Book Image

Robot Framework Test Automation

By : Sumit Bisht
Book Image

Robot Framework Test Automation

By: Sumit Bisht

Overview of this book

Testing has traditionally been a part of software development, and has always involved a lot of manual effort. It can be automated with Robot Framework, which offers numerous benefits from cost saving to increased quality assurance in the software delivery. This book will help you to start designing test suites and Automated Acceptance Tests. Helping you to get started with automating acceptance tests, this book will provide a detailed overview of acceptance test management practices and principles. You will also be introduced to advanced techniques that you can use to customize the test suite, along with helpful tips and tricks to extend and leverage it in a wide variety of scenarios. Starting with a detailed explanation of the need for automated acceptance test driven development, this guide will help you with an empty test project creation and execution for proof of concept, and validation of installation. This book will also cover the Robot Framework in detail, and will help you test desktop applications using Java Swing. You will gain an in-depth knowledge of tricky activities, such as setting up a test environment and using it with Selenium. You will also learn about other popular libraries, and how to test network protocols, web services, and databases. This book will cover the entire Robot Framework with real- world practical material to make its content informative and interesting. By the end of this book you will be able to write acceptance tests for desktop and web applications, as well as know how to extend acceptance testing in other scenarios that are commonly devoid of tests, and present the results appropriately.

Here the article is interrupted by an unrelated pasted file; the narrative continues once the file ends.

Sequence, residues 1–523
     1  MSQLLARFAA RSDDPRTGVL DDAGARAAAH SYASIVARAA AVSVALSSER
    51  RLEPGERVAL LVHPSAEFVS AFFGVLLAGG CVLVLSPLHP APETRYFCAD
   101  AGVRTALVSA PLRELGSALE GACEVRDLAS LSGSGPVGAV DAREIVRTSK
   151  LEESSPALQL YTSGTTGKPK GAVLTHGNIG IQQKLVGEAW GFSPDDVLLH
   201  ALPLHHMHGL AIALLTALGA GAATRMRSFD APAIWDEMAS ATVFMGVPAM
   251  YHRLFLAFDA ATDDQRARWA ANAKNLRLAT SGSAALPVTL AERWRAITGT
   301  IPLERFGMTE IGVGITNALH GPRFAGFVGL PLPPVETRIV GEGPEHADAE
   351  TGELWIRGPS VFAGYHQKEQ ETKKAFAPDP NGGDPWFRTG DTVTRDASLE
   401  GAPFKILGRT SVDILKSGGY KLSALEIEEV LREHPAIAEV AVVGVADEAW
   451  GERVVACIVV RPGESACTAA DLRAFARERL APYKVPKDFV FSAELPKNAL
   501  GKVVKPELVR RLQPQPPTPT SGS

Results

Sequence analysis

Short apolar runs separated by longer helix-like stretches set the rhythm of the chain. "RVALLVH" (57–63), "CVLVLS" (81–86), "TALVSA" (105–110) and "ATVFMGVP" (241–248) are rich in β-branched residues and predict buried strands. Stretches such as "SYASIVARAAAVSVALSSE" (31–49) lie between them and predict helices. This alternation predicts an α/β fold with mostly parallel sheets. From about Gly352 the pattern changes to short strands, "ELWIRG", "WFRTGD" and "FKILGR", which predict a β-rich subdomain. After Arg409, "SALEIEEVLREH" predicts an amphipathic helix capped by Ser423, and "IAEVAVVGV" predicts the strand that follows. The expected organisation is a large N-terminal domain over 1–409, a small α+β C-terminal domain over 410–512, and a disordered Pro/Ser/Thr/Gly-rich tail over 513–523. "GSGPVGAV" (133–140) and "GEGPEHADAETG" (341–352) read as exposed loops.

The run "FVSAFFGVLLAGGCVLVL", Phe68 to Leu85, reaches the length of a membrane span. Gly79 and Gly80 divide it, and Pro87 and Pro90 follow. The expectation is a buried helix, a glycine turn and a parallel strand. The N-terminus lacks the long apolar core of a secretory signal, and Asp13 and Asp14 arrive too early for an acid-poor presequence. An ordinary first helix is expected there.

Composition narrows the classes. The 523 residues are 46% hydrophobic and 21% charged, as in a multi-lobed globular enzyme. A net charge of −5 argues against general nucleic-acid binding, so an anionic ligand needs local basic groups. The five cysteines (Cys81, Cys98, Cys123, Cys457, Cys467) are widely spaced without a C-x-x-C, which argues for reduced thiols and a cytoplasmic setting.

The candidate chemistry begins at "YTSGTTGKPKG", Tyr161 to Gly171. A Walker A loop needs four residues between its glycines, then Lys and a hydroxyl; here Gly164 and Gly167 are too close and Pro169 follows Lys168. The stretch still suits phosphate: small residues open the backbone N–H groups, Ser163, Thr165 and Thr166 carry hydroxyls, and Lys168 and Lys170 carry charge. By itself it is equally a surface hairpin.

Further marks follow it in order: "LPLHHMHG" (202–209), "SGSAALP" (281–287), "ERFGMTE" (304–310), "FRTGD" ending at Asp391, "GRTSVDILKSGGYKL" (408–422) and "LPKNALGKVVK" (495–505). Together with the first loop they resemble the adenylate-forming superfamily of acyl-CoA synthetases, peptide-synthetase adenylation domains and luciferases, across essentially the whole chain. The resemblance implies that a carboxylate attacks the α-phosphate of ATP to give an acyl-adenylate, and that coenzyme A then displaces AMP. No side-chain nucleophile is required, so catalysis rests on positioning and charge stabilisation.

Table of Contents (12 chapters)

Test coloring information

In any xUnit test result, red denotes failure and green denotes success. This coloring has also led to the popular TDD mantra of "Red, Green, Refactor" in unit tests, which denotes the order of development as first the tests are created with an intention to naturally fail followed by writing code in such a manner that the tests pass and finally refactoring over existing code can be made in such a manner that nothing is broken.

The following screenshot demonstrates a test application passing entirely as the green color background is clearly visible:

Similarly, the failure of the test suite can also be reflected through the background color. Note that, even if a single test case fails, the entire report will have the color of failure and the end user can easily take note, as shown in the following screenshot:

This convention is also followed in the Robot Framework as is evident from the report background color as well as the colors used in the executed tests inside the...